A team of German and Egyptian archaeologist was able to recover toes belonging to the statue of king Psamtik I, which was discovered in March and mistaken for king Ramesses II. The discovery was made in the Matariya district of Cairo, Egypt.
So far about 40 percent of the statue has been recovered from the site. Beside the toes the recent findings include the statue’s limestone pedestal bearing a hieroglyphic inscription, which was partially damaged by water. The discovery was kept quiet because it confirmed the possibility of finding the rest of the statue in the same place. Parts of the eight-meter statue were found submerged in groundwater. The site is believed to be once a temple, built by Ramesses II in a city called Oun in the times of Ancient Egypt. The statue belongs to king Psamtik I of the 26th Dynasty, who ruled Egypt for 54 years. Archaeologists state that the discovery demonstrates the greatness of the temple in ancient times.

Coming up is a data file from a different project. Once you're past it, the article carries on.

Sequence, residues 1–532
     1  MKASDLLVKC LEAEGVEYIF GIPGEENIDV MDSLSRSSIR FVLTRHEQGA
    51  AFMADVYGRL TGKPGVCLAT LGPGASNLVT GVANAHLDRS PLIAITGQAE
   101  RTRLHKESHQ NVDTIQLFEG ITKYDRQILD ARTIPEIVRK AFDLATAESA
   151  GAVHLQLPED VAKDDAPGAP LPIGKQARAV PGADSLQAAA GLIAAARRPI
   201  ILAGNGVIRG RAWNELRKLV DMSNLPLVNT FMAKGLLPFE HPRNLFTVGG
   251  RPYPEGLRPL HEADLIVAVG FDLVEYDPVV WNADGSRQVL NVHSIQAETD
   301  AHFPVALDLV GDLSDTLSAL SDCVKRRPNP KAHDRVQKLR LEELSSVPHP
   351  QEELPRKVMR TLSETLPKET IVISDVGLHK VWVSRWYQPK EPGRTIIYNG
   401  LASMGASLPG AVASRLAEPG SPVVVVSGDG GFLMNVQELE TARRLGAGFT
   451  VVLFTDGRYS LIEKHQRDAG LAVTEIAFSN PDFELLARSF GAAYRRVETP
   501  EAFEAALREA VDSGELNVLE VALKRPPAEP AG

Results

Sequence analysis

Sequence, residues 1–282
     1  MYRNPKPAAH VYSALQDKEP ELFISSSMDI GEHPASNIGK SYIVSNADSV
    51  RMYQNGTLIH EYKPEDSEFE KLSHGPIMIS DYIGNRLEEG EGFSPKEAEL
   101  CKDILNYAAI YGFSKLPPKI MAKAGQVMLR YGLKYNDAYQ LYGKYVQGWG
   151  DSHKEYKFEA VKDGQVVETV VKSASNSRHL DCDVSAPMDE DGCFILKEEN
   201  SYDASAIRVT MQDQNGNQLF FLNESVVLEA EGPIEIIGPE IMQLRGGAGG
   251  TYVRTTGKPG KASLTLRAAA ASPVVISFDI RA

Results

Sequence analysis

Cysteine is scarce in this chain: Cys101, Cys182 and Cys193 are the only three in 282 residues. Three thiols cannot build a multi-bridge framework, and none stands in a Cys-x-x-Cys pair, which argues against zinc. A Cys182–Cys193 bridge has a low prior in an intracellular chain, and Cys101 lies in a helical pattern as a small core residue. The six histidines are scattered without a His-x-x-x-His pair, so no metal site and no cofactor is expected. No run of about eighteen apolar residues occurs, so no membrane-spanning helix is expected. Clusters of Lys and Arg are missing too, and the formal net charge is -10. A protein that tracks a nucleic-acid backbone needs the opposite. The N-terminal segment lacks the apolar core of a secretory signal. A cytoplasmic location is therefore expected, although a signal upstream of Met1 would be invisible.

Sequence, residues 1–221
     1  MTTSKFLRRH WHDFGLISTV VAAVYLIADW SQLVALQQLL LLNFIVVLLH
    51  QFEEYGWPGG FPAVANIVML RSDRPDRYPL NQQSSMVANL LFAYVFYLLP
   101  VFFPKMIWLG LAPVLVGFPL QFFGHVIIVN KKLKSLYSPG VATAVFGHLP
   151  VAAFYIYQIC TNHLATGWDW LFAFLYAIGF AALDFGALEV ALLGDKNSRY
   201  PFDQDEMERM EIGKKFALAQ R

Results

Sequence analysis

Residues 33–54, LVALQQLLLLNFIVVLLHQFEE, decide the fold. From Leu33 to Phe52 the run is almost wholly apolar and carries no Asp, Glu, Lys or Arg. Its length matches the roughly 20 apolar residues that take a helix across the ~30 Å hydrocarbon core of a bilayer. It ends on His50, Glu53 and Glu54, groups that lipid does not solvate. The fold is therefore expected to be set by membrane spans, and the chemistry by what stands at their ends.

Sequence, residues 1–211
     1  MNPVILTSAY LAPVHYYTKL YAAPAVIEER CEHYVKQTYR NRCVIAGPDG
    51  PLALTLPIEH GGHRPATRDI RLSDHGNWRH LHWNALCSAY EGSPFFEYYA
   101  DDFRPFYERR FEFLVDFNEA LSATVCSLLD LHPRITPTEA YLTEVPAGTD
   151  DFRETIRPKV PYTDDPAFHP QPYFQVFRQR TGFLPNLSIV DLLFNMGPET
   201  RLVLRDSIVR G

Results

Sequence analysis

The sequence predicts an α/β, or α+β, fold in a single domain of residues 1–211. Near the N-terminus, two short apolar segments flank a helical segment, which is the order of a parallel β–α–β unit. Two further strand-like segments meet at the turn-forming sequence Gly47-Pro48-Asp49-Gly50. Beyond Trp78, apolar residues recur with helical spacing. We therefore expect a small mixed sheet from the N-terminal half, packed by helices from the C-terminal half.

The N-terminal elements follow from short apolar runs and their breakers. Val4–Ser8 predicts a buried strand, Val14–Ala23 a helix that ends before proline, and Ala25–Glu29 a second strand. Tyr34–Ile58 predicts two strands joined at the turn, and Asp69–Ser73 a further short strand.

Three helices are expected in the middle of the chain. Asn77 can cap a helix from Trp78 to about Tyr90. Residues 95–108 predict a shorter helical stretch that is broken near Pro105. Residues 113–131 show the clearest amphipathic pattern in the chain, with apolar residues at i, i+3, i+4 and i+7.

(after Egypt Independent)